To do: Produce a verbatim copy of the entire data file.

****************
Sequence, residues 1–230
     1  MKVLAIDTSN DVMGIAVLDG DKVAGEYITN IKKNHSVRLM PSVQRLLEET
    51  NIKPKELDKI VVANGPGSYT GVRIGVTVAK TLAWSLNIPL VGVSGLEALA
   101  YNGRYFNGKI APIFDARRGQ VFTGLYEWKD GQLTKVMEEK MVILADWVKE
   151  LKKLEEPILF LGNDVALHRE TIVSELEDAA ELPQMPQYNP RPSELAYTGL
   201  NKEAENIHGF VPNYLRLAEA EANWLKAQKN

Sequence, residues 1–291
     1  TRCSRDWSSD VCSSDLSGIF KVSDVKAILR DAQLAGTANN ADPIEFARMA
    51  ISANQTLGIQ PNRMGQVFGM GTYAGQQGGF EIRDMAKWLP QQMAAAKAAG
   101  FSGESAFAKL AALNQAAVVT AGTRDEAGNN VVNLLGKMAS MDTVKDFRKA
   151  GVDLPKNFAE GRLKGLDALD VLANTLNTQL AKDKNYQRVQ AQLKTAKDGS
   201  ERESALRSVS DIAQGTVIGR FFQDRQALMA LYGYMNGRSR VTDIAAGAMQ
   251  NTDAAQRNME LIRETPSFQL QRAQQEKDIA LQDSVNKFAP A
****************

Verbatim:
Sequence, residues 1–230
     1  MKVLAIDTSN DVMGIAVLDG DKVAGEYITN IKKNHSVRLM PSVQRLLEET
    51  NIKPKELDKI VVANGPGSYT GVRIGVTVAK TLAWSLNIPL VGVSGLEALA
   101  YNGRYFNGKI APIFDARRGQ VFTGLYEWKD GQLTKVMEEK MVILADWVKE
   151  LKKLEEPILF LGNDVALHRE TIVSELEDAA ELPQMPQYNP RPSELAYTGL
   201  NKEAENIHGF VPNYLRLAEA EANWLKAQKN

Sequence, residues 1–291
     1  TRCSRDWSSD VCSSDLSGIF KVSDVKAILR DAQLAGTANN ADPIEFARMA
    51  ISANQTLGIQ PNRMGQVFGM GTYAGQQGGF EIRDMAKWLP QQMAAAKAAG
   101  FSGESAFAKL AALNQAAVVT AGTRDEAGNN VVNLLGKMAS MDTVKDFRKA
   151  GVDLPKNFAE GRLKGLDALD VLANTLNTQL AKDKNYQRVQ AQLKTAKDGS
   201  ERESALRSVS DIAQGTVIGR FFQDRQALMA LYGYMNGRSR VTDIAAGAMQ
   251  NTDAAQRNME LIRETPSFQL QRAQQEKDIA LQDSVNKFAP A